Fine Gael has said it is "preparing to go into opposition" following its poor showing in the Republic of Ireland's general election.
The party, which has been in power for the past nine years, finished third behind Fianna Fáil and Sinn Féin, losing 12 seats.
Its parliamentary party met for six hours on Monday, the first time it had done so since the election.
Leader Leo Varadkar said he accepted responsibility for the campaign.
He said Sinn Féin has the largest party (in terms of share of the vote) and that the onus was on it to form a government and deliver on the "extraordinary promises" it made during the election.
Mr Varadkar said if Sinn Féin fails to form a government, then the onus passes to Fianna Fáil.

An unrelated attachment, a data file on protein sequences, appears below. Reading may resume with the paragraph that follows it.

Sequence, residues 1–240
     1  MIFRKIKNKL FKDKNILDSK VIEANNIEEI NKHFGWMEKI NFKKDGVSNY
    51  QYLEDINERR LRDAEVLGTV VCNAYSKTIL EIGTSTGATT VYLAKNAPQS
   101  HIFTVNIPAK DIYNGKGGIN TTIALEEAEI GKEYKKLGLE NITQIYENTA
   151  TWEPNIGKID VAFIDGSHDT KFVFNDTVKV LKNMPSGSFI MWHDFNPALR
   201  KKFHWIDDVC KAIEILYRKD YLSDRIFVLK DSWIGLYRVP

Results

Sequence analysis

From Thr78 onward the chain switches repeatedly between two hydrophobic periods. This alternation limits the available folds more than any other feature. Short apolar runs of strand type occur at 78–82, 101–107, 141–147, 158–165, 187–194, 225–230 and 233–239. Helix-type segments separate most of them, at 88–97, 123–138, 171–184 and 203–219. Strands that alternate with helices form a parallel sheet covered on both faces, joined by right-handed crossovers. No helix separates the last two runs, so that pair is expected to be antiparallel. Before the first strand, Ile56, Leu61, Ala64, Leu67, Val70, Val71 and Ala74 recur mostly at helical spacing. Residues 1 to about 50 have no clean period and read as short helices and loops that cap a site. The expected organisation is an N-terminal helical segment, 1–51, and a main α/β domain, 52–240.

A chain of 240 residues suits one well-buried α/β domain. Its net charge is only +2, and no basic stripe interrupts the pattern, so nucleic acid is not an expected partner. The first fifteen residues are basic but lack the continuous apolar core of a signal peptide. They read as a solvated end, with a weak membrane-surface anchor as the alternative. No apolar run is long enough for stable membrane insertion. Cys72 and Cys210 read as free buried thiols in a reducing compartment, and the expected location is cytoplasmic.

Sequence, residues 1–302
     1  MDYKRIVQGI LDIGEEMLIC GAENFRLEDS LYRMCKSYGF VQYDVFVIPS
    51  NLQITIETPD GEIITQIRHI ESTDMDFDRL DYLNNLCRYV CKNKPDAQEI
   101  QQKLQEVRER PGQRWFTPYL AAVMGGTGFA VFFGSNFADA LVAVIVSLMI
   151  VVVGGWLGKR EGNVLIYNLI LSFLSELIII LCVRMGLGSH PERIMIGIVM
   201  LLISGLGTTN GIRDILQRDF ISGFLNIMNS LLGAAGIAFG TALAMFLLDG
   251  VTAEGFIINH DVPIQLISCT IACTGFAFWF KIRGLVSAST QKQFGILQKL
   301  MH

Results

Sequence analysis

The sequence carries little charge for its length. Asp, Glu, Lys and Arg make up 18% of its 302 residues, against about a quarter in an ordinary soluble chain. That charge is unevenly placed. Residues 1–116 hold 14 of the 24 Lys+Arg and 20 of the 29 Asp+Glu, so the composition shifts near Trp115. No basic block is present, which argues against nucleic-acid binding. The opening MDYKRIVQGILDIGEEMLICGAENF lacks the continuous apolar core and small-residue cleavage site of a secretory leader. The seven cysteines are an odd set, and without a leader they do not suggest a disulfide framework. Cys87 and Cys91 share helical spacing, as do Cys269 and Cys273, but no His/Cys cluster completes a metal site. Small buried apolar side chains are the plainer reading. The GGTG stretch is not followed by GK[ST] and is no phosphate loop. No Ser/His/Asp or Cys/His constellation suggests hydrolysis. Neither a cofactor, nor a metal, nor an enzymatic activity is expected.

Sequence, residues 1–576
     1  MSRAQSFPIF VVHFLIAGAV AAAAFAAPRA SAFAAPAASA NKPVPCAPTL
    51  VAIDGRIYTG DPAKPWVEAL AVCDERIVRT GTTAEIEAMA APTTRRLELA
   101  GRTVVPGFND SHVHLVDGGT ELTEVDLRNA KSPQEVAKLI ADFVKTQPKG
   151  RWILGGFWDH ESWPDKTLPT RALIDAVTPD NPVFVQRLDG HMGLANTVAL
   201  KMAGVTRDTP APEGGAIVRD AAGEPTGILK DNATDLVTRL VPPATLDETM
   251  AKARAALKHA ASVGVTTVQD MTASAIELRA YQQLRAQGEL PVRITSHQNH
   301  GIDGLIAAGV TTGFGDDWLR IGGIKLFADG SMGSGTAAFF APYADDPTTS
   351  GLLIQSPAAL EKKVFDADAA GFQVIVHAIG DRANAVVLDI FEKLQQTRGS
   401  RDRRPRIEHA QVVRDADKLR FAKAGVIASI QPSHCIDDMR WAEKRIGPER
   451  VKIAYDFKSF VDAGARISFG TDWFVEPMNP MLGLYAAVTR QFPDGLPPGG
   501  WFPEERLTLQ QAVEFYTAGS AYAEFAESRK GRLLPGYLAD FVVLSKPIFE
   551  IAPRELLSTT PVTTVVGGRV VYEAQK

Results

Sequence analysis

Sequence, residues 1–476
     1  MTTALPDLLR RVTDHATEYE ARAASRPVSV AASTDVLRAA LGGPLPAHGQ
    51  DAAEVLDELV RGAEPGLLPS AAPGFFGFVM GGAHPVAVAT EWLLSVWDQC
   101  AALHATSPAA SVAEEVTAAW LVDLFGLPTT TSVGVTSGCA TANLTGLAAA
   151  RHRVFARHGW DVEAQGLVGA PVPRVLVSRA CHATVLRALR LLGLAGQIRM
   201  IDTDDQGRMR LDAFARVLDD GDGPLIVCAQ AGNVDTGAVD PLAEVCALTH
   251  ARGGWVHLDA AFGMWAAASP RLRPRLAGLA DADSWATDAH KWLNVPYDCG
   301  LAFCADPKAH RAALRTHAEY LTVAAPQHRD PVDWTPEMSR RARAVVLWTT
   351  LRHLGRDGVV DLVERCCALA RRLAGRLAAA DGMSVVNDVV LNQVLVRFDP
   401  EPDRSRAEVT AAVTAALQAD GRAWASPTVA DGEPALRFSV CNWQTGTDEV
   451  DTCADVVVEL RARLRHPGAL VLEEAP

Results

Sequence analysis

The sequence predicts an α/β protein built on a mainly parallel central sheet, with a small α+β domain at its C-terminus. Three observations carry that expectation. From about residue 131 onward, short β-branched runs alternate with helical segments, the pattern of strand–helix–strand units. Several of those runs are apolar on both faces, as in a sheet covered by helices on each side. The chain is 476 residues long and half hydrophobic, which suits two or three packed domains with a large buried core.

He said his future is about leading the party into opposition.
A statement from Fine Gael said that Mr Varadkar "relishes the challenge to lead a strong and effective opposition for the benefit of the country".
It added: "There will be no negotiations on a programme for government without a further mandate from the parliamentary party", which will meet again next week.
Earlier, Sinn Féin leader Mary Lou McDonald said her party remains determined that what she called an "alternative and new government of change" can be created.
Ms McDonald said talks would continue this week and the party would intensify conversations with other parties and independents.
She said there was a left-wing block and they needed to figure out if they could rule from a minority position.
She said "people had voted for the party to be in government" and she described the idea of Fianna Fáil and Fine Gael being returned as "unthinkable".